# Electric field of ring of charge/washer of charge/disk of charge

## Homework Statement ## Homework Equations

charge density equations, electric field equations,

## The Attempt at a Solution

My attempts are attached. The attachment labeled A, is part A. Part B took a lot of paper so there are two attachments labeled B1 and B2. It is really B and C that I am struggling with. Not sure if I am on the right track or if it is correct. Any help would be much appreciated!

A little more thought: All the problems I have done in the back of my physics textbook are not like part B. I can find the electric field of a disk without a cut out in it. My thought process of finding the electric field with a cut out in it is integrating from the smaller radius to the larger radius. However, The total area of the washer is piR2^2-piR1^2. I plugged this result into my surface charge density toward the end of my solution.

My attempt at solution C:
Washer has charge +Q, Ring has radius 2R2, Lambda=Q/L
Clearly the charge on the ring has to be negative
therefore Lambda on ring is: -Q/4piR2

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Homework Helper
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B1.JPG is correct. APG is also correct. Combine the two results and set it equal to zero with $z=3 R_2$. $\\$ In APG, you must set $Q=2 \pi (2R_2) \lambda=4 \pi R_2 \lambda$, and $R=2R_2$. (This is not the same $Q$ that you have in B1.JPG. so call it $Q'$. It turns out $Q' \neq Q$. ). $\\$ Suggestion: Call the $E_z$ at $z=3R_2$ by $E_1$ and $E_2$. You must have $E_1+E_2=0$, which means $E_2=-E_1$. Your answer above for $\lambda$ is incorrect, but the rest is really just algebra. Try again. I'll be happy to check your result. (Note: $E_2$ is an expression that has $\lambda$ in it, and $E_1$ has $Q$ in it. Using $E_2=-E_1$, solve for $\lambda$).

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• Thank you! I’ll work on it tomorrow and respond! Appreciate it

• B1.JPG is correct. APG is also correct. Combine the two results and set it equal to zero with $z=3 R_2$. $\\$ In APG, you must set $Q=2 \pi (2R_2) \lambda=4 \pi R_2 \lambda$, and $R=2R_2$. (This is not the same $Q$ that you have in B1.JPG. so call it $Q'$. It turns out $Q' \neq Q$. ). $\\$ Suggestion: Call the $E_z$ at $z=3R_2$ by $E_1$ and $E_2$. You must have $E_1+E_2=0$, which means $E_2=-E_1$. Your answer above for $\lambda$ is incorrect, but the rest is really just algebra. Try again. I'll be happy to check your result. (Note: $E_2$ is an expression that has $\lambda$ in it, and $E_1$ has $Q$ in it. Using $E_2=-E_1$, solve for $\lambda$).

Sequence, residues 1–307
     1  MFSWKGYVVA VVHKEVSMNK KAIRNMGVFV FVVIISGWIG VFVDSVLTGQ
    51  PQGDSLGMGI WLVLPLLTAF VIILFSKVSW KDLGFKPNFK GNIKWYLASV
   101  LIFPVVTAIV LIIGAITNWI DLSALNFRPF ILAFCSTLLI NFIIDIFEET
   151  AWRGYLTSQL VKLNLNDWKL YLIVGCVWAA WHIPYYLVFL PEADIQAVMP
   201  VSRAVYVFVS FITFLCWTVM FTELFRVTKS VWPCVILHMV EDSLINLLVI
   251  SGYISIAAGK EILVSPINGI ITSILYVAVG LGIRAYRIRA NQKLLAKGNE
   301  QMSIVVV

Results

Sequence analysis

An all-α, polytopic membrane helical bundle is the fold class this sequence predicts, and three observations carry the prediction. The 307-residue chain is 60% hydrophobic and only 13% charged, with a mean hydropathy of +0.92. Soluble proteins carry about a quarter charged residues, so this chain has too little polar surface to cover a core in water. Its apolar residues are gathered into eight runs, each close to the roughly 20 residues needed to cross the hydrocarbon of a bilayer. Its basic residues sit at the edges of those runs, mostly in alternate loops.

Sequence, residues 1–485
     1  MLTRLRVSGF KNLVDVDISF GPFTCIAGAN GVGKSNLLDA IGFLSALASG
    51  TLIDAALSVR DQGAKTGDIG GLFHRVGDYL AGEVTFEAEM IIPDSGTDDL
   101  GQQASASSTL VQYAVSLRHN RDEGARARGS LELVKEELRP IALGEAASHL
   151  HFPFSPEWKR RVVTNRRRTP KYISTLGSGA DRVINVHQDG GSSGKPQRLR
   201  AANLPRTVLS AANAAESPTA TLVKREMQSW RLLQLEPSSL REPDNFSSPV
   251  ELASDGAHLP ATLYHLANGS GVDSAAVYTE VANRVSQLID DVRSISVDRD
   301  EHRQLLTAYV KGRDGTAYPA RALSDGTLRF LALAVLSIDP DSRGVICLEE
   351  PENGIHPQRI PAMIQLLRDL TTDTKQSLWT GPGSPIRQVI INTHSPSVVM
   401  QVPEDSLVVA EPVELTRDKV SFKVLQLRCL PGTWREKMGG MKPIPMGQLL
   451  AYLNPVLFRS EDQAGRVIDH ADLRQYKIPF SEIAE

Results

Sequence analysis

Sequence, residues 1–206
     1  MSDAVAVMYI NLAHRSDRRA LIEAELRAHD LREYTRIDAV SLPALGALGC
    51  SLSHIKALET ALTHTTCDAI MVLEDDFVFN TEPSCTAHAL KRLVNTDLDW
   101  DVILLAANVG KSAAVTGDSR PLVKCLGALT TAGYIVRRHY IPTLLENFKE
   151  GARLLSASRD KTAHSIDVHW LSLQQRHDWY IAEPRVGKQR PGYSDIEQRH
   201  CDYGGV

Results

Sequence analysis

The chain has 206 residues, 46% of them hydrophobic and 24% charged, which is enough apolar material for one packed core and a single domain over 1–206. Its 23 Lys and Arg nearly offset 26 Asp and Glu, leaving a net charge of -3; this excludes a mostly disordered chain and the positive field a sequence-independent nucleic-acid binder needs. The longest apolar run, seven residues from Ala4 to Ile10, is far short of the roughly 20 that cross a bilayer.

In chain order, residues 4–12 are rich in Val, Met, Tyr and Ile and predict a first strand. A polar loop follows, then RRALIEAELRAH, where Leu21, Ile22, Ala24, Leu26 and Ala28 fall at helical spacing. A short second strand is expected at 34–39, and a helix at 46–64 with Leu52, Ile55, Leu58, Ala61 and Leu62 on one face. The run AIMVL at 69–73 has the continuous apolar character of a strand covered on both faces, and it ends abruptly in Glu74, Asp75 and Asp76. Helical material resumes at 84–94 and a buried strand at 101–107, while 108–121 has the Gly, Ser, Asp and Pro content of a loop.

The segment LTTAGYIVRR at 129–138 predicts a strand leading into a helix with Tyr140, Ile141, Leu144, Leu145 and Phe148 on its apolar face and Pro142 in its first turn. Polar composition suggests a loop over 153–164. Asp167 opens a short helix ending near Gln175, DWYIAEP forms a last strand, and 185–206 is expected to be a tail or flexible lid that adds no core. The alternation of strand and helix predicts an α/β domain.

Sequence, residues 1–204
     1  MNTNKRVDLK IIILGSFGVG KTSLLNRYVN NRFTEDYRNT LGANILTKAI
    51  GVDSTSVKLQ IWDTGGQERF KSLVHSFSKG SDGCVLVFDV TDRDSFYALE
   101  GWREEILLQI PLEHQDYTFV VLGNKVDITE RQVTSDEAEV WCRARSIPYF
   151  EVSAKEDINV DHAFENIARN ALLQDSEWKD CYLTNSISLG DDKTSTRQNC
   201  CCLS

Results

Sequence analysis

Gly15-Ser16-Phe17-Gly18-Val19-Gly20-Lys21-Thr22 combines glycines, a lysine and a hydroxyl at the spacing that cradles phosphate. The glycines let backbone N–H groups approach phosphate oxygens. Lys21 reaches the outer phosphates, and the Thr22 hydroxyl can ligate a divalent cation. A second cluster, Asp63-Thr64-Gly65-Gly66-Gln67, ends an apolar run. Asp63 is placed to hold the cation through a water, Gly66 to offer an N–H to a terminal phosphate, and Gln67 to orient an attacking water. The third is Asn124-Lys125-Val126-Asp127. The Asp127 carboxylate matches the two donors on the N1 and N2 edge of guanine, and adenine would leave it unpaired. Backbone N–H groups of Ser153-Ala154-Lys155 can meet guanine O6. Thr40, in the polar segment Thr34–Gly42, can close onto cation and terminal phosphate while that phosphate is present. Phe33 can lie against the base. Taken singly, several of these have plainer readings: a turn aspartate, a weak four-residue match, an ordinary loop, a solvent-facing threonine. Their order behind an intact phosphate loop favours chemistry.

Okay, So I am finally looking at your response in more detail.
What I have so far is:
E2 is electric field for concentric ring
E2=(k)(lambda)(dl)/r^2
I see what you mean that E1 + E2 has to = 0. Therefore E2=-E1. I guess my question is did I already solve for E1 in image B1JPG?

Homework Helper
Gold Member
Yes, that is $E_1$ and it is correct.$\\$ And $E_2$ is correct in A1JPG, but you need to set $R=2R_2$, and $Q =2 \pi (2R_2) \lambda$. (As previously mentioned, this is not the same $Q$ that it in B2jpg).$\\$ In your post 4 here, $E_2$ is missing the $\cos(\theta) =\frac{z}{(R^2+z^2)^{1/2} }$ factor.

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Okay, I believe I see what you are saying-
Ering= (kλ2pi2R2z)/(2R22 + z2)(3/2)
and
EDisk= (2pizQ)/((4piε0(piR22-piR12)) [1/(z2+R12)1/2-1/(z2+R22)1/2]

Then I say ERing+EDisk=0 and solve for lambda?
That seems like some really tedious algebra which I haven't tried yet. Wanted to know if this was the correct method before I try to do it.
Thanks!!

SammyS
Staff Emeritus
Homework Helper
Gold Member
Okay, I believe I see what you are saying-
Ering= (kλ2pi2R2z)/(2R22 + z2)(3/2)
and
EDisk= (2pizQ)/((4piε0(piR22-piR12)) [1/(z2+R12)1/2-1/(z2+R22)1/2]

Then I say ERing+EDisk=0 and solve for lambda?
That seems like some really tedious algebra which I haven't tried yet. Wanted to know if this was the correct method before I try to do it.
Thanks!!
Quite a bit of that "cancels out" . You should either use Coulomb's coefficient, $\ k\$, for both or $\ \displaystyle \frac{1}{4\pi \varepsilon_0}\$. I suggest the latter. Gets rid of some $\ \pi \,$s .

You have: $\ \displaystyle E_{Ring} = \frac{kλ2\pi 2 R_2\, z} { \left( 2{R_2}^2 + z^2 \right)^{3/2}}\$ but I suppose you should be squaring (2R2), not just the R2 .

Changing to ε0 form and the above correction gives:
$\ \displaystyle E_{Ring} = \frac{2\, \lambda \pi \, 2 R_2\, z} { 4\pi\,\varepsilon_0 \left( {(2R_2)}^2 + z^2 \right)^{3/2}}\$​

The expression for the disk is:
$\ \displaystyle E_{Disk} = \frac{2\pi z \,Q} {(4 \pi \varepsilon_0) \left(\pi {R_2}^2 - \pi {R_1}^2 \right)} \left(\frac{1}{( z^2 + {R_1}^2 )^{1/2} } - \frac{1}{(z^2 + {R_2}^2 )^{1/2} } \right)$
.

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• Okay! I’ll try it out! Thanks

SammyS
Staff Emeritus
Homework Helper
Gold Member
Okay! I’ll try it out! Thanks
I was editing that for a while. Just got finished.

•